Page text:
It is a fine line between pining for a love lost in hope of reunion and being guilty of stalking
Crazy in love is one thing, but Bristol man's bid to win back his ex highlights the risk of going too far, writes Gail Walker
Luke Howard is the 34-year-old Bristolian who captured the world's headlines by somehow getting a piano on the city's College Green and vowing to play it until his ex-girlfriend - whom he refers to as 'Rapunzel' - gets back in touch with him.
What do we make of this? Poor man's Hugh Grant (which is, let's face it, pretty poor?) Or pin-up boy for stalkers everywhere?
Some people - mainly men, admittedly - supported Howard, conjuring up images of romance and happy endings.
And, sure, isn't love supposed to be a little bit crazy?
Howard's message, both to the public in general and to 'Rapunzel' in particular, was don't be so uptight. Let love take its rambling wayward course.
All of which was meant to hit every button in our vast sentimental repertoire of love nonsense.
Except of course it sounds more like stalking, humiliation and coercion. In other words, downright creepy.
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What does the public have to do with his ex-girlfriend's private life anyway? Why should they have a say whom she should give a second (twenty-second? sixty-second?) chance to? This is life, not The X Factor.
And, when you get right down to it, blackmail - for that is what it is when you strip away the trappings - is an ugly thing.
You don't do that to someone you love - you do that to someone with whom you are obsessed.
Basically, Howard is saying that all would be hunky dory if it wasn't for 'her'… After all, who doesn't love 'love'? Give us all a snappy RomCom - you know, starring Jennifer Bubblegum and Brad Brickwall - and a happy ending after 90 minutes of comic misunderstandings and misfires?
The passing public, blissfully ignorant of the realities of the relationship between Howard and Rapunzel (isn't that moniker just a tiny bit icky?) will want the RomCom ending. Only natural.
But then we're not the one trapped in a relationship that for one of them at least - her - isn't working.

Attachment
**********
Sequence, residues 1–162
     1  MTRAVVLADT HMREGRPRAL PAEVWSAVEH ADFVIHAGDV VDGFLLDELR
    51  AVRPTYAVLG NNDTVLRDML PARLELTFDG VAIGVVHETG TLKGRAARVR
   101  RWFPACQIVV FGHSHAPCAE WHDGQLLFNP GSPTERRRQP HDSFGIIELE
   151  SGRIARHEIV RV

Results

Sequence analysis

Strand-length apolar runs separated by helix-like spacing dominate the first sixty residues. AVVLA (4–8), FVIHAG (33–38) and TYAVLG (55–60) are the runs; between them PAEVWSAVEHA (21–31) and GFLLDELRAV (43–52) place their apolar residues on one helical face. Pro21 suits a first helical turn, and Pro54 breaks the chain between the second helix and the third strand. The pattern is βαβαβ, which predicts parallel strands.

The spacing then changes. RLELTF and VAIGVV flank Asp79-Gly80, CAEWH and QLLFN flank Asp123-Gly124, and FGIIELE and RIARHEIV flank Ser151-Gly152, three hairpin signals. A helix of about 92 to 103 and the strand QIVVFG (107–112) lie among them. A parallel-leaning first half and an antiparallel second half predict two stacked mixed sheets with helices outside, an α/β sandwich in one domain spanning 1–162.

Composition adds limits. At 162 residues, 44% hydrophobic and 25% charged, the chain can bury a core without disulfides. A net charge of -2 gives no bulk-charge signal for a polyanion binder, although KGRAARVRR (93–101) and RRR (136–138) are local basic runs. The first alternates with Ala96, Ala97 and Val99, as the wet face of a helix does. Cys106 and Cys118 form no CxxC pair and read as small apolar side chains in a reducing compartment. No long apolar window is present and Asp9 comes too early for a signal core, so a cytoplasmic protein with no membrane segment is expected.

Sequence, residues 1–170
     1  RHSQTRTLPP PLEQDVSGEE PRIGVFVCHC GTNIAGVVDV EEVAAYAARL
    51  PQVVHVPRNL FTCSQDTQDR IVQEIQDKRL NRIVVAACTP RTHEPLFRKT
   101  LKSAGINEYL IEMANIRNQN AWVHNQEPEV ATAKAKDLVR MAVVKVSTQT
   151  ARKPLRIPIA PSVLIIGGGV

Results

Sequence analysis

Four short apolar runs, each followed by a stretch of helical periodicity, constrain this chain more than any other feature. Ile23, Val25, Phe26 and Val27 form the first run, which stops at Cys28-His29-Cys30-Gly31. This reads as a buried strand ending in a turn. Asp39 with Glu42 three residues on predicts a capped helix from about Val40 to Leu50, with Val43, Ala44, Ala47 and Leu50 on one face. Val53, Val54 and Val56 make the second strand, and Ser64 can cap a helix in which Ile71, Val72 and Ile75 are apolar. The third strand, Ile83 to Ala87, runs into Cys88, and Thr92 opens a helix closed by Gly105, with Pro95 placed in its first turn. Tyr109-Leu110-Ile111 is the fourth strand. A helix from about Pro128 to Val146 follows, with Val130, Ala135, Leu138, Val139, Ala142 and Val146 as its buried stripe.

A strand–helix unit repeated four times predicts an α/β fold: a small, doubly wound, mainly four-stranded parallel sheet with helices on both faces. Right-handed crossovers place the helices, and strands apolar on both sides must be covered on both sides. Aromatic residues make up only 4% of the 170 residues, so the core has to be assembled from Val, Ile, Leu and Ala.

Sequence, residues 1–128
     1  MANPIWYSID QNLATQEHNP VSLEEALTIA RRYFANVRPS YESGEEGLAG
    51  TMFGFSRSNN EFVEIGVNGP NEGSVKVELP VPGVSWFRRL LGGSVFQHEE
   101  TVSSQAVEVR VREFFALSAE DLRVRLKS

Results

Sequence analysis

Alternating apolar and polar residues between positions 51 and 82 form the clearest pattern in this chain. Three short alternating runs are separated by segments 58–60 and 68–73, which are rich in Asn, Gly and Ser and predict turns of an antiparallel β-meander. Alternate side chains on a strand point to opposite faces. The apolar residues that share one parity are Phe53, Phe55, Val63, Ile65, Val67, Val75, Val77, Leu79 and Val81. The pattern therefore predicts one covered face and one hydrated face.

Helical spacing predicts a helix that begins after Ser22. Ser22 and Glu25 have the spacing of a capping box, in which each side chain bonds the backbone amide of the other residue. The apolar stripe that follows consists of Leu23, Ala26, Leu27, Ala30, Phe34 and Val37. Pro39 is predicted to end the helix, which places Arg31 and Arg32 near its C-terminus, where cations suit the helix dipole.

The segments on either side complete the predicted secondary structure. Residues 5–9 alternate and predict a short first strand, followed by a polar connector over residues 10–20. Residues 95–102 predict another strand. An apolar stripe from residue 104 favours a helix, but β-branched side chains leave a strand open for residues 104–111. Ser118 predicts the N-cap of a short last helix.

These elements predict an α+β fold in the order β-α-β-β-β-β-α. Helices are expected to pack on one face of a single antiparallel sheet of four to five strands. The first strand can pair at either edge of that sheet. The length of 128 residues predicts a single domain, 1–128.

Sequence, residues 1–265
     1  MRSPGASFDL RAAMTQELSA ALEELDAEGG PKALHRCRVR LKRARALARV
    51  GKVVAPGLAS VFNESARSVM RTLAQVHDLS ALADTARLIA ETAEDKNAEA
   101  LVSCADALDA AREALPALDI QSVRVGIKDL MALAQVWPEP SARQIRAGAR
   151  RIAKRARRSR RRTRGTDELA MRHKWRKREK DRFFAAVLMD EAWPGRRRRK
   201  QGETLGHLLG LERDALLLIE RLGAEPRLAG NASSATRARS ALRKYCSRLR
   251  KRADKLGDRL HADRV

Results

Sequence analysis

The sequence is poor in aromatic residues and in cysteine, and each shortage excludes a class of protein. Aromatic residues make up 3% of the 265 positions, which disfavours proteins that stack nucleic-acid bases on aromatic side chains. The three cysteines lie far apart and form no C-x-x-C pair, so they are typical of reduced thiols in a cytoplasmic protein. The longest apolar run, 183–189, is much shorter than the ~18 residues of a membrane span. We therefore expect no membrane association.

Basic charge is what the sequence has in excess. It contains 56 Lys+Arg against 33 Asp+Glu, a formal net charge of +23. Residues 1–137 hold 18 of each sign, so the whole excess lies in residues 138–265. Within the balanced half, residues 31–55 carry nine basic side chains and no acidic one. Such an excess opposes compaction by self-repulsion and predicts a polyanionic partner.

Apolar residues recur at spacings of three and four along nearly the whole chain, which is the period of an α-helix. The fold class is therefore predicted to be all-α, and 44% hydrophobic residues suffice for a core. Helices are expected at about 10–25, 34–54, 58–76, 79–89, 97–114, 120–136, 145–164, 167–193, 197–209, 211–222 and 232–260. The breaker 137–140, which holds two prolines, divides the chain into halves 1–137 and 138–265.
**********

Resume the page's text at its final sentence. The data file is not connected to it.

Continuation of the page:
Howard certainly wasn't going to shed light on the reasons why the relationship had hit the buffers. It "wasn't anything nasty or bad". It "was just life getting in the way". Texting and calling, he said, was just making things worse.
Hmmm … you're 34, mate. Do you not think that it may be time to call the time of death on this relationship and move on?
Bracing myself for complaints of being a feminazi, I would just point out that if the situation were reversed and it was a woman with the piano, the comparisons wouldn't be with all the Grants, Hugh and Cary and, er, Mitchell.
Nope, it would be Glenn Close and Fatal Attraction. We would be advised - quite rightly - to lock up our bunnies.
Women who refuse to let go are psychopaths. Men are just 'lovestruck'.
There was a backlash to the stunt - there always is. Howard has shut up shop, claiming that he got a punch in the head for his efforts.
Well, love hurts, as they say. And I don't feel that sorry for him to be honest.
Join the rest of humanity, Luke, it's kind of lovely.
We've all been dumped at some time but the vast majority of us know the dos and don'ts. And most of us know the most cardinal rule of them all: take it on the chin.
Anything else and you're a loser. Start making like you are a cheeky Billy Crystal and you are loser of epic proportions.
Of course, there will be the odd slip-up.
Occasionally, we may have gone for that one last phone call, sought that one last meeting … but we know that there are limits.
You don't keep turning up uninvited. You don't keep ringing in the middle of the night. You don't follow people around town and just 'happen' to be where they are. ("Yes, I often have my nails manicured here - men can like grooming as well." "I was a devotee of kick-boxing a long time before I met you, didn't you know that?").
The reason why all this kind of behaviour should not just be written off as the idiocies of the lovelorn is that they are not victimless crimes. On the contrary, the victim is 'him' or 'her' whose agency as an independent human being is subjected to vicious undermining.
They are the target of all-consuming love - the question is what happens when he or she just doesn't want to be consumed.
We shouldn't judge Howard too harshly - he was being just a prat and he seems to have got his comeuppance.
But we shouldn't forget either that his behaviour is just the prettified Disney version of unruly emotions that lead to violence and fear. And worse.
It may not be the most romantic thing to say but, love - whatever that is, to quote the philosopher king-to-be Prince Charles - doesn't give you any entitlements.
You don't have a right to a person's company, their regard, their affection, an explanation even, and certainly not their 'love'. You also don't have a get out of jail free card just because you are 'in love'.
Love may be blind but that doesn't mean we can be stupid into the bargain.